Exchange for $1 U.S.: 9,328 Indonesian rupiah
Bali High A poolside villa at the Bali Pavilions hotel.
Getting to Bali isn't cheap, but once you're there it's summertime year-round, and the living is easy.
Though it may feel as if you're handing over wads of cash for a beer, with nearly 10,000 rupiah to the dollar, you'll barely lighten your wallet (indeed the rupiah has barely budged against the greenback in recent years).
The Balinese are influenced by the concept of "tri hita karana," which calls for harmony and balance in all things physical and spiritual. It shows in the way they behave toward one another and toward their guests, so a visit to Bali is always an enriching and uplifting experience.
Where to stay: Bali Pavilions (balipavilions.com) is a small, stylish hotel in Sanur, one of the more peaceful neighborhoods in southern Bali, and one that retains much of the island's character.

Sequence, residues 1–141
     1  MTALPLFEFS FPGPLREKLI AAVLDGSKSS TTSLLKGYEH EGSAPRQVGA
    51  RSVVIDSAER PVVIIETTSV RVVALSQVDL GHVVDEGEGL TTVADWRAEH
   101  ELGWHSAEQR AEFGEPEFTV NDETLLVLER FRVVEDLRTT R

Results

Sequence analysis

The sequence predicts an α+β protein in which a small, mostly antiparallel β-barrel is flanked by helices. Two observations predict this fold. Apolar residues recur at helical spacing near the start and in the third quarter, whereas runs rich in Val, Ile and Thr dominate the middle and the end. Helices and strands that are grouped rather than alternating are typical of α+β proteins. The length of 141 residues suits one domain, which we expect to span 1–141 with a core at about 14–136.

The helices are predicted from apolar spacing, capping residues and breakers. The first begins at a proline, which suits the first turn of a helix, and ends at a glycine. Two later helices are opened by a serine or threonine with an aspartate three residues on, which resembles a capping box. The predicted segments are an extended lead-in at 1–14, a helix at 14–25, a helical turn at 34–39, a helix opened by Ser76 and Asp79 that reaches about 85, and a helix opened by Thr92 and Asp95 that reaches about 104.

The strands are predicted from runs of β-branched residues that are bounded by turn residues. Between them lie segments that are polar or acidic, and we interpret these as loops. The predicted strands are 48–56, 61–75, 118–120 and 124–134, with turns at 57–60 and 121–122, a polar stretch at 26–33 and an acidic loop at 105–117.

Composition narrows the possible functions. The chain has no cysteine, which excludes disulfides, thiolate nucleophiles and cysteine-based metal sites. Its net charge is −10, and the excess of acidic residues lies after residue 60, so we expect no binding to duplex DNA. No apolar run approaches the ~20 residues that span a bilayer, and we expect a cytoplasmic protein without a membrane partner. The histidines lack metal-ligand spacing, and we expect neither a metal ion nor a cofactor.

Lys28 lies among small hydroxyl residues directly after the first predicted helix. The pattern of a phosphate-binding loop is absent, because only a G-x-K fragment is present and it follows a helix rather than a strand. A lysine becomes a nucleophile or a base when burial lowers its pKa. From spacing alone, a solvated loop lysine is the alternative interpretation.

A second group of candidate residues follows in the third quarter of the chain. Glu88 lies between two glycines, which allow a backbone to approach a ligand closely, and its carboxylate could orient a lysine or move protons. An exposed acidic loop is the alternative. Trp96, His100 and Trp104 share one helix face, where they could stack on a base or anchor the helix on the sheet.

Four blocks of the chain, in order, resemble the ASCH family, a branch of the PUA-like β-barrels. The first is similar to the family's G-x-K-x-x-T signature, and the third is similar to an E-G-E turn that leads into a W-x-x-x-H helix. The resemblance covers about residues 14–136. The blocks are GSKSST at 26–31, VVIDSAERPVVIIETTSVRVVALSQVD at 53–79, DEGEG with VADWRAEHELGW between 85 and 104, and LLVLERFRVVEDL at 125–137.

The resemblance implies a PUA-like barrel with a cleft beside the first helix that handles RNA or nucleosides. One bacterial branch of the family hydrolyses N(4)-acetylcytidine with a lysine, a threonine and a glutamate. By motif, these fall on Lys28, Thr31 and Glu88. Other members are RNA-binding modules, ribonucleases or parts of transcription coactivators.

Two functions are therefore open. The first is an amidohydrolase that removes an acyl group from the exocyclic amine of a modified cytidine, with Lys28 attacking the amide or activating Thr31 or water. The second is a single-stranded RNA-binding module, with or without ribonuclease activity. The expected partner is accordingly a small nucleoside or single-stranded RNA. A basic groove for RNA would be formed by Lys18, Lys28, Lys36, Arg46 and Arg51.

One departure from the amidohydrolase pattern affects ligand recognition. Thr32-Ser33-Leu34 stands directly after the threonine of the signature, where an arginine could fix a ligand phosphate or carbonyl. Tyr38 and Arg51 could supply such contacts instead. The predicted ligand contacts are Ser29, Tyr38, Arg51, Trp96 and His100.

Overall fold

There are just 23 rooms, ranging from single-bedroom garden villas ($165/night including tax) to two-bedroom pool villas ($371), all set in a walled garden to encourage spiritual harmony.
For physical harmony there's a gym and spa and long walks on the white-sand beach just yards away from the hotel. Plus, you're 45 minutes from the island's cultural capital of Ubud and near the legendary surfing beaches of Padang Padang.
Jet set wisdom: Damien Dernoncourt, CEO of jeweler John Hardy, splits his time between Bali and Hong Kong.
Eat: "Warison has the best foie gras in Asia, and Made's Warung is good for simple and fresh food that's a combination of old and new Bali."
Shop: "Bruce Carpenter in Sanur is the most reliable antiques dealer in the region. For resort wear made with the best fabrics, try Biasa in Seminyak."
Play: "Canggu Beach is great for surfing or just strolling."
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